Reservations) or would result in possible undetected
          misbehavior in the case of inconsistent decisions.
     
          For simplicity and reliability, we assign the responsibility
          of the mapping decision entirely to the Deaggregator. The
          Aggregator is notified of the selected mapping by the
          Deaggregator and follows this decision. The Deaggregator was
          chosen rather than the Aggregator because the Deaggregator is
          the first to have access to all the information required to
          make such a decision (in particular receipt of the E2E Resv
          which indicates the requested Int-Serv service type and
          includes information signalled by the receiver). This allows
          faster operations such as set-up or size adjustment of an
          Aggregate Reservation in a number of situations resulting in
          faster E2E reservation establishment.
     
     
          1.4.4.  Size of Aggregate Reservations
     
          A range of options exist for determining the size of the
          aggregate reservation, presenting a tradeoff between
          simplicity and scalability. Simplistically, the size of the
          aggregate reservation needs to be greater than or equal to the
     
     
     
     
     
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          sum of the bandwidth of the E2E reservations it aggregates,
          and its burst capacity must be greater than or equal to the
          sum of their burst capacities. However, if followed
          religiously, this leads us to change the bandwidth of the
          aggregate reservation each time an underlying E2E reservation
          changes, which loses one of the key benefits of aggregation,
          the reduction of message processing cost in the aggregation
          region.
     
          We assume, therefore, that there is some policy, not defined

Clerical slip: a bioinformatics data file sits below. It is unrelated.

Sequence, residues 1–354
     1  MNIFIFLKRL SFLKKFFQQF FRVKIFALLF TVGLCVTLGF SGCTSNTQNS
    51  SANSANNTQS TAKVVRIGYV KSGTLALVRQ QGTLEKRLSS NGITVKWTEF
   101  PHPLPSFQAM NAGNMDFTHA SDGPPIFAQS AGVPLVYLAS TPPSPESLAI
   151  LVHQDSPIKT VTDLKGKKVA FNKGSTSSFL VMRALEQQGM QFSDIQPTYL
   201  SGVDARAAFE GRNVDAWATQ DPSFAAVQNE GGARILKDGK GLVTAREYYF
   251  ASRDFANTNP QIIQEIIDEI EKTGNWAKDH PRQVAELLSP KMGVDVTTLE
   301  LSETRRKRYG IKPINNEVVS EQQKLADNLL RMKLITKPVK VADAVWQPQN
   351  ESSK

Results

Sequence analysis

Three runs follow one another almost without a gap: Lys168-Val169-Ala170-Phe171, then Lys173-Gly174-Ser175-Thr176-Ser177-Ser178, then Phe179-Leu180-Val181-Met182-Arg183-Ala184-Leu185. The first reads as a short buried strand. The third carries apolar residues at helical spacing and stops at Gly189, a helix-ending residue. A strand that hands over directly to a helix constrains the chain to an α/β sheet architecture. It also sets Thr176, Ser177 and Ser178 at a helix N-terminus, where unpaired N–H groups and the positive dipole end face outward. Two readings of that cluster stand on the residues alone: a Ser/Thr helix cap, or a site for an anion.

in this specification (although sample policies are suggested
          which have the necessary characteristics). This policy
          maintains the amount of bandwidth required on a given
          aggregate reservation by taking account of the sum of the
          bandwidths of its underlying E2E reservations, while
          endeavoring to change it infrequently. This may require some
          level of trend analysis. If there is a significant probability
          that in the next interval of time the current aggregate
          reservation will be exhausted, the router must predict the
          necessary bandwidth and request it. If the router has a
          significant amount of bandwidth reserved but has very little
          probability of using it, the policy may be to predict the
          amount of bandwidth required and release the excess.
     
          This policy is likely to benefit from introduction of some
          hysteresis (i.e. ensure that the trigger condition for
          aggregate reservation size increase is sufficiently different
          from the trigger condition for aggregate reservation size
          decrease) to avoid oscillation in stable conditions.
     
          Clearly, the definition and operation of such policies are as
          much business issues as they are technical, and are out of the
          scope of this document.
     
     
     
          1.4.5.  E2E Path ADSPEC update
     
          As described above, E2E RSVP messages are hidden from the
          Interior routers inside the aggregation region. Consequently,
          the ADSPECs of E2E Path messages are not updated as they
          travel through the aggregation region. Therefore, the
          Deaggregator for a flow is responsible for updating the ADSPEC
          in the corresponding E2E Path to reflect the impact of the
          aggregation region on the QoS that may be achieved end-to-end.
          The Deaggregator should update the ADSPEC of the E2E Path as
          accurately as possible.
     
     
     
     
     
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          Since Aggregate Path messages are processed inside the
          aggregation region, their ADSPEC is updated by Interior
          routers to reflect the impact of the aggregation region on the
          QoS that may be achieved within the interior region.
          Consequently, the Deaggregator should make use of the
          information included in the ADSPEC from an Aggregate Path
          where available. The Deaggregator may elect to wait until such
          information is available before forwarding the E2E Path in
          order to accurately update its ADSPEC.
     
          To maximize the information made available to the
          Deaggregator, whenever the Aggregator signals an Aggregate
          Path, the Aggregator should include an ADSPEC with fragments